Innovation

This new category is intended to foster innovation by involving individual innovators, technocrats, professionals, academics, smaller enterprises, start-ups and MSMEs, who could develop innovative solutions making use of any one of the following routes:

  1. Innovations for Defence Excellence (iDEX) Scheme under the aegis of the Defence Innovation Organisation (DIO);
  2. Technology Development Fund (TDF) Scheme managed by the DRDO; and,
  3. Indigenous Development by Services through Internal Organisations, such as the Base workshops/Dockyards/Base Repair Depots/ Internal Indigenisation organisations/Design Agency, etc.

Leasing

This is ‘an innovative technique’ forpossessing and operating assets without owning them, to save on initial capital cost, by making periodical lease payment to the Lessors, who could be Indian or foreign companies. It could be an operating lease (dry, wet or damp, depending on the kind of services required) or finance lease, with the MoD retaining the option of owning the asset for a nominal pre-determined consideration or returning it to the Lessor at the end of the lease. An elaborate procedure has been laid down for this category.

This will be a useful method for meeting the requirement where

(a) Procurement is not feasible due to time constraint,
(b) Asset/capability is needed for a specific period or it would remain underutilised if procured,
(c) Requirement is limited in number and administrative /maintenance infrastructure cost is likely to be high,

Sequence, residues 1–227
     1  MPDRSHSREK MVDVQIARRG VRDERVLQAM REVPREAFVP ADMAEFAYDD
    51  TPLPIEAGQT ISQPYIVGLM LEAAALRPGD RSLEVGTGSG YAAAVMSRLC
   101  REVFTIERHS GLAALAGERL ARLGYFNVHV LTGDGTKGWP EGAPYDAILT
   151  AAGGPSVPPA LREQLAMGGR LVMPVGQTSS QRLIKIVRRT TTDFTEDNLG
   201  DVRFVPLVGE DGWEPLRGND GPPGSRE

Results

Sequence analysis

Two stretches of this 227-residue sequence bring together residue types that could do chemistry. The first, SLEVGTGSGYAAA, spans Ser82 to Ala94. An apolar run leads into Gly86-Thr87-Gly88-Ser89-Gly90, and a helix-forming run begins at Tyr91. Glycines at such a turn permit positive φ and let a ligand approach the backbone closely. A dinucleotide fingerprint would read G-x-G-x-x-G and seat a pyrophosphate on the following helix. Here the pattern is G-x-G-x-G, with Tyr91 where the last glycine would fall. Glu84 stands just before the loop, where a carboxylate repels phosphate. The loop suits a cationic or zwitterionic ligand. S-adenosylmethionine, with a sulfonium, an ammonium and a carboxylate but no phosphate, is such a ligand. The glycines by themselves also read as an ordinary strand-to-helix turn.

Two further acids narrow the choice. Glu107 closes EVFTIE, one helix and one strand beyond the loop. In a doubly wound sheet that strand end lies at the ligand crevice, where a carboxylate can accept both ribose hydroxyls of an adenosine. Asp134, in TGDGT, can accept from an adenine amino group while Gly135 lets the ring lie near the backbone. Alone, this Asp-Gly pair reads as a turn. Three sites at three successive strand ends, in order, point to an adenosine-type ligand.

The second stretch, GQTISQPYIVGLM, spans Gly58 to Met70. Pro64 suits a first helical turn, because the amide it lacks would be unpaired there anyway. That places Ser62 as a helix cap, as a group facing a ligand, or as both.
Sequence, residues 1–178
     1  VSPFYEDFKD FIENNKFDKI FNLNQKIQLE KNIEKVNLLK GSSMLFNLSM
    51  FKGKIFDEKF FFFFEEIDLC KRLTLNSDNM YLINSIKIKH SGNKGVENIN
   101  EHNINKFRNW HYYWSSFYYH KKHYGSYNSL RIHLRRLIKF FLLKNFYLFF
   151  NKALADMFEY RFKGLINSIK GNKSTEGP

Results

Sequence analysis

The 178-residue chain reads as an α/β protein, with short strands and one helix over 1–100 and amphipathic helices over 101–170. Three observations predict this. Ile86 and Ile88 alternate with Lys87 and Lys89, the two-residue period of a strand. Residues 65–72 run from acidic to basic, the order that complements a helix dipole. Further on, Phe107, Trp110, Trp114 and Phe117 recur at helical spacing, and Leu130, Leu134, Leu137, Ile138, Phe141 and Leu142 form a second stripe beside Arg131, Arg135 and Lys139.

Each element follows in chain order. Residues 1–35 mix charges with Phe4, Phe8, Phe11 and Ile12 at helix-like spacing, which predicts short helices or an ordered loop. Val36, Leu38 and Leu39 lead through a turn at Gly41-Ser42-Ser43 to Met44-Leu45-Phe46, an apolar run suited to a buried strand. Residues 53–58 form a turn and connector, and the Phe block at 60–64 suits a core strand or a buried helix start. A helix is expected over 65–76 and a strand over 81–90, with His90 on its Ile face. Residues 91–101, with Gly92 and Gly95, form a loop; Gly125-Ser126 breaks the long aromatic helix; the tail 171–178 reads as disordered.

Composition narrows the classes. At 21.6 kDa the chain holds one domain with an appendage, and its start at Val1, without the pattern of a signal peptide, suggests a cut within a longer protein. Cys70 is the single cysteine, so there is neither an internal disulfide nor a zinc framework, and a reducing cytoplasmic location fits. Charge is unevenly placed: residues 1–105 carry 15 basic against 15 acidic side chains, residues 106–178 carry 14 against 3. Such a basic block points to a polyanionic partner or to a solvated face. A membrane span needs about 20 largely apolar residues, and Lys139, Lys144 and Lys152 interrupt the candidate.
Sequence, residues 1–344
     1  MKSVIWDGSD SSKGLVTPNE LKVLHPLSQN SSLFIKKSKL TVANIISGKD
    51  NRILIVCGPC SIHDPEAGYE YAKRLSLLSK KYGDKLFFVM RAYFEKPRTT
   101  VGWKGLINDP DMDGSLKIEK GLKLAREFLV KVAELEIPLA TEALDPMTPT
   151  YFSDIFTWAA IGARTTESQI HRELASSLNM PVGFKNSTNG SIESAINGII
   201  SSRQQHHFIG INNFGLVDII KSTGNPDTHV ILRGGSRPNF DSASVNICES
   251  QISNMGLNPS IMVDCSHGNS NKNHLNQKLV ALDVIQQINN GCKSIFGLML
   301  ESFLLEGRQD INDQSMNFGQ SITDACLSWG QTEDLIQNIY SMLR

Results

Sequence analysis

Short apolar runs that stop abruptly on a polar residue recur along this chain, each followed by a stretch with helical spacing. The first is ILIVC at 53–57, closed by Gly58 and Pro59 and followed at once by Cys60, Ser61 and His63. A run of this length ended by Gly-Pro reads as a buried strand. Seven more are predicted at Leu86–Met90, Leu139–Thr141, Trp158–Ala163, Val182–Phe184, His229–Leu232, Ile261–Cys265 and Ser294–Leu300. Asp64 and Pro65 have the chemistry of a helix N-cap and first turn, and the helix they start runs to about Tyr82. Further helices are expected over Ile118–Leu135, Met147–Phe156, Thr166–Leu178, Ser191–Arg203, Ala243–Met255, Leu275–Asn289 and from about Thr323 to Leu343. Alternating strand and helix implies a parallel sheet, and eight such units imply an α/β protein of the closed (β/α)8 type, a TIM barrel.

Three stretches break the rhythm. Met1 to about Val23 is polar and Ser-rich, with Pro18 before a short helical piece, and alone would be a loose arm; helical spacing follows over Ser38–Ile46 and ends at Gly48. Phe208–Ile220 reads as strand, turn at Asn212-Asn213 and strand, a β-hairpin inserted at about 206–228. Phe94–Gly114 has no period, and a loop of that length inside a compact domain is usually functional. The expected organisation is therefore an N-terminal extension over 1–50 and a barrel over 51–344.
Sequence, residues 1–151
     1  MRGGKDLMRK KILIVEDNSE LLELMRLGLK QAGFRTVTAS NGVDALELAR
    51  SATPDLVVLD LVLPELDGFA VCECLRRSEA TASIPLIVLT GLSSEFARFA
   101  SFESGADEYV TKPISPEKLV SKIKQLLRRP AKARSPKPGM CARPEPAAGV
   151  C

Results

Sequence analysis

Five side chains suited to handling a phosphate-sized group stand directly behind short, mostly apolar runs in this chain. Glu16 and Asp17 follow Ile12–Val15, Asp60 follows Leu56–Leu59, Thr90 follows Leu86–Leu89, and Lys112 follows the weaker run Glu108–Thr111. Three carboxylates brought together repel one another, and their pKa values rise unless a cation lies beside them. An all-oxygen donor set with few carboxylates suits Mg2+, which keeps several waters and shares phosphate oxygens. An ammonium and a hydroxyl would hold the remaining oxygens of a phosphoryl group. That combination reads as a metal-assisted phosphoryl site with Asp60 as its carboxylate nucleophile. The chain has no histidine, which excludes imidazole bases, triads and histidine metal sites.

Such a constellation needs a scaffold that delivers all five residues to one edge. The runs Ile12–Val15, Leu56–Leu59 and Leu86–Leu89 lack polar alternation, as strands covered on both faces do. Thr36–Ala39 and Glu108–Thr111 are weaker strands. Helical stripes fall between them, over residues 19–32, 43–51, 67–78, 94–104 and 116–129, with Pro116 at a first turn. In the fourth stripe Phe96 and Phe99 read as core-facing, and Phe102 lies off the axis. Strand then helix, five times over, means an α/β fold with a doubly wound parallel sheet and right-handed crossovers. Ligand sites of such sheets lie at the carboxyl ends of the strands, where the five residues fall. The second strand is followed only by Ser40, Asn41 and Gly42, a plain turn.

(d) Paying rent is a better option than incurring one-time acquisition cost,
(e) Experience is to be gained for operational exploitation of the equipment, or
(f) If the equipment is considered to be an operational necessity.

There is not much change in the essential features of other procurement categories, except in two respects: the features of the Buy (IDDM) and Buy (Indian) categories have been swapped and the requirement of IC has been raised across all categories generally by 10 per cent in the prioritised categories. This is one of the two distinguishing features of the procurement categories, the other one being the eligibility of the vendors to participate in the tender (Table 4) While the definition of the IC remains unchanged, the method of calculating it has been simplified.

Table 4
Category-wise IC requirement

There is a case for reducing the procurement categories as the essential features of some of them overlap. For example, the Buy (Indian – IDDM) and Buy (Indian) can be merged. It is the same with Buy and Make (Indian) and Buy (Global – Manufacture in India) which collectively overlap with the Strategic Partnership Model.

Acquisition cycle and procedure

There is no significant change in the acquisition cycle which comprises the following stages for all prioritised categories:

(a) Request for Information (RfI)
(b) Formulation of Services Qualitative Requirements (SQRs)
(c) Acceptance of Necessity (AoN)
(d) Solicitation of offers through Request for Proposal (RFP), including offset offer, if applicable
(e) Evaluation of technical offers by the Technical Evaluation Committee (TEC)
(f) Evaluation of the offset offers by the Technical Offset Evaluation Committee (TOEC)
(g) Field Evaluation Trials (FET)
(h) Staff Evaluation
(j) Oversight by Technical Oversight Committee (TOC), if required
(k) Contract negotiations by Contract Negotiation Committee (CNC)
(l) Approval of the Competent Financial Authority (CFA)
(m) Award of the Contract/placing of Indents
(n) Post-Contract Management